Then, where's Grane? Though some productions allow Brunnhilde to ride or at least to lead an horse on stage, this one does not. Grane does not appear because he animal is unnecessary. The animal is only a symbol of the Valkyre's occult power: It is her totem, her familiar, the aura and vehicle of her divinity. "The Germans, " Tacius writes, "Are acquainted with the practice of divining from the songs and flights of birds, but it is peculiar to them - - - to derive admonitions and pressages from horses also. Certain of them -- milk-white and untouched by earthly labor -- are pastured at public expense. Priests and Kings "observe their manner of neighing and snorting. Priests consider hem as ministers of the gods, as privy to the devine will."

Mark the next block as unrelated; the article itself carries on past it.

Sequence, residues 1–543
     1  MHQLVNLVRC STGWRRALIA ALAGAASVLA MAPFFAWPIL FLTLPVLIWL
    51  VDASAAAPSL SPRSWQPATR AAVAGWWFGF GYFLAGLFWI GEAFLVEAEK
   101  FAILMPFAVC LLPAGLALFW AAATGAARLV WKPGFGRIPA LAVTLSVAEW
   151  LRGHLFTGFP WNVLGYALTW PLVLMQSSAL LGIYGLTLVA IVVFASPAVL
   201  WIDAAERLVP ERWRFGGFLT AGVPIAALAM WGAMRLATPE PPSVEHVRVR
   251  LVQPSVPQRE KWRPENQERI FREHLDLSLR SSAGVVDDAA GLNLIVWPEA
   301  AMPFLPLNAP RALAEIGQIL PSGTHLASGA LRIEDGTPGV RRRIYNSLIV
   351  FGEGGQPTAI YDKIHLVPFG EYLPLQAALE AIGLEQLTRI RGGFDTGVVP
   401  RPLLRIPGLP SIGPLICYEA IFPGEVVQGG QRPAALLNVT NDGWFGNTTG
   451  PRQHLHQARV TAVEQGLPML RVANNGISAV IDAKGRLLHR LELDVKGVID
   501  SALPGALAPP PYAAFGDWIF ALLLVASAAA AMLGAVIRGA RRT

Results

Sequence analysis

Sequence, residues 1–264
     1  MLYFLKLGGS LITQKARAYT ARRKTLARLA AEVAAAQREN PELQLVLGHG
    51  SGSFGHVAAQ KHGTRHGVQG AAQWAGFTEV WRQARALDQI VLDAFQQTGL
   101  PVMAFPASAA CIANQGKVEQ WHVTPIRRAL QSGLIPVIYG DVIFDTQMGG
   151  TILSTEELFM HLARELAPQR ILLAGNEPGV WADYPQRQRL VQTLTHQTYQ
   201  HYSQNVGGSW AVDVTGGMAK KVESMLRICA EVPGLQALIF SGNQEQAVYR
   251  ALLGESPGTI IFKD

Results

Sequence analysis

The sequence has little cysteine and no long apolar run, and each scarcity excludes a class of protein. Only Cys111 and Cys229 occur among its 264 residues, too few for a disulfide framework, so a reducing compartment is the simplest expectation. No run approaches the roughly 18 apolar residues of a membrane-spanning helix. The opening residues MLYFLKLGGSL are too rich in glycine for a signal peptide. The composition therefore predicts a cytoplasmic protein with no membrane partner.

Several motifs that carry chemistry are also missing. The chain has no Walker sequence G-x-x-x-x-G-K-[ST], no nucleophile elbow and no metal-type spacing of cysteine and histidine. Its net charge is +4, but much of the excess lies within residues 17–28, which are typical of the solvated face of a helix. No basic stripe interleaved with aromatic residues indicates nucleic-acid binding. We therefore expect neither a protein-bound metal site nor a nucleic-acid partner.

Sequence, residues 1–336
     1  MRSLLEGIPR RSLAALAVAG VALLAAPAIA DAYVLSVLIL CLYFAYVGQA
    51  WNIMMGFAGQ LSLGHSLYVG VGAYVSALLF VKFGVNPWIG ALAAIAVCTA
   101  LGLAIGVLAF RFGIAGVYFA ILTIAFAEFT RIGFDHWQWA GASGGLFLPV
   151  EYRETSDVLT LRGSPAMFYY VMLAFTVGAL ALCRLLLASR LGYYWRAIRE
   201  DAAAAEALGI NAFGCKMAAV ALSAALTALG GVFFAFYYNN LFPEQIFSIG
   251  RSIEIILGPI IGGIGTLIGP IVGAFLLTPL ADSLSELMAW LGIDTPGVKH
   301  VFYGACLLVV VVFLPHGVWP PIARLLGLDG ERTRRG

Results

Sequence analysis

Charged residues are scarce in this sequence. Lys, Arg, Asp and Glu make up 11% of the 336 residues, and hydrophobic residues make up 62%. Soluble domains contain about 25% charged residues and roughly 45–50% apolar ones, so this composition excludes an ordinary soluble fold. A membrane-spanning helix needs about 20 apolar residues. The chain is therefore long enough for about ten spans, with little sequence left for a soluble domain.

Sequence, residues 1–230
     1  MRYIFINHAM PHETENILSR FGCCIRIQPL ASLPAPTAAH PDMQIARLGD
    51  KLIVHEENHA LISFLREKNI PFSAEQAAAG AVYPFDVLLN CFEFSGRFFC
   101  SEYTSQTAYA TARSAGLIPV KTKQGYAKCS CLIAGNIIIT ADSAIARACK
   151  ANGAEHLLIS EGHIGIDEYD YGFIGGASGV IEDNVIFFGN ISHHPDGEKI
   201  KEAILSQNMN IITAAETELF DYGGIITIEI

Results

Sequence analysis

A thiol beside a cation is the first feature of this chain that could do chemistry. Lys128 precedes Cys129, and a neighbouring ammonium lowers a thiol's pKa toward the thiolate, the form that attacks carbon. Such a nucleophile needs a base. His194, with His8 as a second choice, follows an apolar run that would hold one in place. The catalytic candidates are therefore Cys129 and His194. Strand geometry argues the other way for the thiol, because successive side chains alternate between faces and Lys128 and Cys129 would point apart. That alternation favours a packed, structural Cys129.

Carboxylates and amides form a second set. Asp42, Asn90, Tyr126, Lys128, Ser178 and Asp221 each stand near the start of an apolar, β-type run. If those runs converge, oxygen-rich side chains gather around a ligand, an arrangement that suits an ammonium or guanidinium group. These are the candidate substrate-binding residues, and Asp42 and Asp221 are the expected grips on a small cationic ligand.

Meanwhile, after spectacular music wonderfully well played, we find ourselves downrier at the palace of the Gibichungs and in the presence of yet another Chereau TIME TRICK. Soon we will find that this latest reality is or will be Siegfried's destination. The set is brilliant; simple and effective at offering the illusion of sumptuousness but without the clutter. Four extremely tall columns of polished black stone set on either side of what must be a riverside terrace. There's a narrow estuary or inlet just beyond, and standing on the opposite shore, the silouhete of what apears to be a twin of this structure. Here, we find King Gunther, a tall, thin gentleman in evening dress, talking wih rather an ordinary-looking bearded man in a coarse, rumpled brown possibly tweed suit. This is Hagen, Gunther's (almost certaily illigetimate) half-brother, and a sour, loutish fellow.. There's something disturbing about him; its not only tha he's dressed inappropriately for a palace, but that he exudes a kind of familiarity that looks like contempt, and we don't know why. And Gunther? Who is he supposed to be? Is it a semi-historical Wagnerian portrait set into the opera like a trebel-entend? Is he supposed to be Wagner's friend and one-time son-in-law, Hans von Bulow? Franz Mazurka looks as t;hough he belongs on a podium. The three of them sing very well, in character, but again, there's nothing lyrical about the writing; its just Wagnerian declamation. And, it calls for the rare ability to sing at full voice -- and on pitch -- while giving the impression that one is talking. That accomplished, one goes about acting the part of the character. And then there's Gutrune. Gunther's sister sauners on and her dress fixes us in a definate hisorical era; its 1932 - 1934, though her dark hair is later and her underwear is definately conemporary. Jeanine Altemeier as Gutrune wears a floor-length white satin dress and a rope of pearls. She is the kind of woman for whom such dresses are made, and though she is revealed to be without either character or intelligence -- and therefore deserving of Hagenn's scorn -- she looks wonderful, Altemeier can act, and she certainly sings very, very well.